The best film about a guy who really, really wants to anally-fist a college student.

Based on the best-selling smutty trash, Fifty Shades Of Grey stars Dakota Johnson as the ready-for-porn-named Anastasia Steele, a budding college senior who by sheer chance finds herself interviewing and hitting it off with the richest, most powerful beefcake in all of Seattle who – despite his bland, vanilla demeanor – really wants to anally fist her. But before he can do so, he needs her to sign a contract ensuring the legality of his anal fisting. And so begins a two-hour long will they/won’t they between Anastasia and a piece of paperwork.
Going into the film I can’t really say I was excited for it, but I was definitely anticipating it. There was so much controversy and guffaw surrounding the material that I figured – even at its worst – it was going to be a fun movie to hate-watch, but weirdly enough, not even 30 minutes into the film I found myself actually liking what I was seeing. Scribe Kelly Marcel and director Sam Taylor-Johnson (Nowhere Boy) decidedly stripped the narrative down to its most basic elements, looking for new places to focus, new angles, and somehow ended up finding some genuine moments of sweetness and emotional clarity – all the while embracing the absurdity of its very existence. The book is bad. Everyone involved knows it. But instead of giving up, they chose to deconstruct it and find the interesting aspects, and I think, for the most part, they were successful.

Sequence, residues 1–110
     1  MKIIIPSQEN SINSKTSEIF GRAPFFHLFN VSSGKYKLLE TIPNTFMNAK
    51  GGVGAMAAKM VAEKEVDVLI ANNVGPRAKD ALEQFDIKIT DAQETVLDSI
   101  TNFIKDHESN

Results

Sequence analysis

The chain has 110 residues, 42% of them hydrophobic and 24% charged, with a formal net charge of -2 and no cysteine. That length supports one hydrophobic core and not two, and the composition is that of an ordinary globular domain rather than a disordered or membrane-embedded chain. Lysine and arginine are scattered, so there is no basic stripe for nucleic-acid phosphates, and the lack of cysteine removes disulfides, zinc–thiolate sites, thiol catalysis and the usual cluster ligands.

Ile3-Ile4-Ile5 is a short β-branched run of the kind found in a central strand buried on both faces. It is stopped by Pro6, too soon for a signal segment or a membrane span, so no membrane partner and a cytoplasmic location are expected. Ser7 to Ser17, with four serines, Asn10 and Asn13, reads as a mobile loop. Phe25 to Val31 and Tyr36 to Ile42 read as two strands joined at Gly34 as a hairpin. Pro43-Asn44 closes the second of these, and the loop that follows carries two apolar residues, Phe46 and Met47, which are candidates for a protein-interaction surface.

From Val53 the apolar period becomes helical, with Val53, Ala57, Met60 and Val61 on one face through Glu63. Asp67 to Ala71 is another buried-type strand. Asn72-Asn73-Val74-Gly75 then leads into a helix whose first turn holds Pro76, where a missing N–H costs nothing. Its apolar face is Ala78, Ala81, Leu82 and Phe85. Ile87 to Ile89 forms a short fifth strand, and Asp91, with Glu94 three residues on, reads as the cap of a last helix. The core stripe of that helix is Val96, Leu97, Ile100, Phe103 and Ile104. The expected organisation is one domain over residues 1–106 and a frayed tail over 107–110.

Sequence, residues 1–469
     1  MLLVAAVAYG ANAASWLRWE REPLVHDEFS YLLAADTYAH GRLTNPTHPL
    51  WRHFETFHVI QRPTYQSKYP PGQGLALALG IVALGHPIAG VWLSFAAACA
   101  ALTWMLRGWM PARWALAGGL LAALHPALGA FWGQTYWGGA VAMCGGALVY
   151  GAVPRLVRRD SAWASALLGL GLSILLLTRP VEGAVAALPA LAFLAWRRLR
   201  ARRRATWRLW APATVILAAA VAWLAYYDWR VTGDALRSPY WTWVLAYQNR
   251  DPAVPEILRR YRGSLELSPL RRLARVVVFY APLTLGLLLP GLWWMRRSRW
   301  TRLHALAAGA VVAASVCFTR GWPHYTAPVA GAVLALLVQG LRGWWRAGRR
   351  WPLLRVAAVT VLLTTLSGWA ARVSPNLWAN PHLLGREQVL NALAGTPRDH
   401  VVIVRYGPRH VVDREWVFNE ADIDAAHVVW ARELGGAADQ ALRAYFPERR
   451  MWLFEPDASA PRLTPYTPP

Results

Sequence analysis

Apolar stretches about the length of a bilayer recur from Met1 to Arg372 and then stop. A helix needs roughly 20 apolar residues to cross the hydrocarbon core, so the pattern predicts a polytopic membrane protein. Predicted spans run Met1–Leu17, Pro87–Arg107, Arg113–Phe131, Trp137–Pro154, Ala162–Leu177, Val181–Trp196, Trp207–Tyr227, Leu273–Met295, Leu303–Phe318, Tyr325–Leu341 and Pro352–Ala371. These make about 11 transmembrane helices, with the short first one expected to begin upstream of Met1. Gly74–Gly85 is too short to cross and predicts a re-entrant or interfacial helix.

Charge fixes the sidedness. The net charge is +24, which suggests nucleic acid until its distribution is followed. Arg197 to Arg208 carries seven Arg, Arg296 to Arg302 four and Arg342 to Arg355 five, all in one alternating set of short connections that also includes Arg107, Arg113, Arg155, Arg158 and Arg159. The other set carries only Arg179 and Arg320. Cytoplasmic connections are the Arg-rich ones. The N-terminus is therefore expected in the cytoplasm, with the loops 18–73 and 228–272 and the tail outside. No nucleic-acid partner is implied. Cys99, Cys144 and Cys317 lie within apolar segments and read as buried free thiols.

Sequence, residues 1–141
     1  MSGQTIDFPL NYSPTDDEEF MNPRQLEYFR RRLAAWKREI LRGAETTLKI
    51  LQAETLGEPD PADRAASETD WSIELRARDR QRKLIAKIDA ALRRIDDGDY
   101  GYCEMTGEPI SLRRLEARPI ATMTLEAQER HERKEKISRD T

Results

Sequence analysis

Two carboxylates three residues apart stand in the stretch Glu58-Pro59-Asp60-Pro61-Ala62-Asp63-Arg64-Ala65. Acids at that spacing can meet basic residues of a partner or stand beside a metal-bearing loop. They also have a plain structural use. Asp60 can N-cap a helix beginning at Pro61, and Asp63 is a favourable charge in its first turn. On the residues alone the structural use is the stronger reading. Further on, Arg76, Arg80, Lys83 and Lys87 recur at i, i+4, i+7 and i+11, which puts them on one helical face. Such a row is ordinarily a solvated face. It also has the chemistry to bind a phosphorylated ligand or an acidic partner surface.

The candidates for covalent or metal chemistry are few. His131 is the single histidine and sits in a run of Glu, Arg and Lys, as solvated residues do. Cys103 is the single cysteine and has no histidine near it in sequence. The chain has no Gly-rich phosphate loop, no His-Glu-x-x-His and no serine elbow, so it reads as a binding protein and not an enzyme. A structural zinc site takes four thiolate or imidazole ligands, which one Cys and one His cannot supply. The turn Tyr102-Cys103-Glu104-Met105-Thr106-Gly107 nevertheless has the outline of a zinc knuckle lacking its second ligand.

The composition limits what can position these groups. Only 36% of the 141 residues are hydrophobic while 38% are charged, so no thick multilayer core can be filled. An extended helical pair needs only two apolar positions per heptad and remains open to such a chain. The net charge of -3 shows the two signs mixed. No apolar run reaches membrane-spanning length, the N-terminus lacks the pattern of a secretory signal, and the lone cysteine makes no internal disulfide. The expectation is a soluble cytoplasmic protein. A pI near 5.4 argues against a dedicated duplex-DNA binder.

Now, not having read the book in its entirety, I can’t fully speak to it as an adaptation, but from what I understand the central plot is mostly the same: cute, young virgin meets weirdo, disconnected stud with a dark, sexual secret. But gone are the gross, abusive undertones and gone are the inner goddesses and over-the-top sexual exploits. Taylor-Johnson instead chooses to focus on Anastasia’s power and agency. Her transformation from the shy, introvert to the defiant, powerful woman — her empowering journey of self-discovery, both sexually and worldly, as there are just as many scenes of her trying new things in the world as there are her trying new sex positions. There are real layers to her and what she wants and eventually gets out of this experimental relationship, and you can tell that’s where Taylor-Johnson’s heart is.

And I love that there is a semblance of real humanity and real romance, where two people are genuinely trying to discover and understand one another, but unfortunately these shifts in focus all but neuter the sexual exploits which, for many, were the sole draw of the film. There are certainly numerous, lengthy sex scenes in the film but for the most part they are pretty tame, vanilla, Hollywood-ized sex scenes. Nearly all of the nudity and sexual focus is on Dakota Johnson, which kind of threw me off considering the target-audience is clearly female. I mean, I guess I’m not sure what I was expecting. This is the MPAA we’re talking about – that group of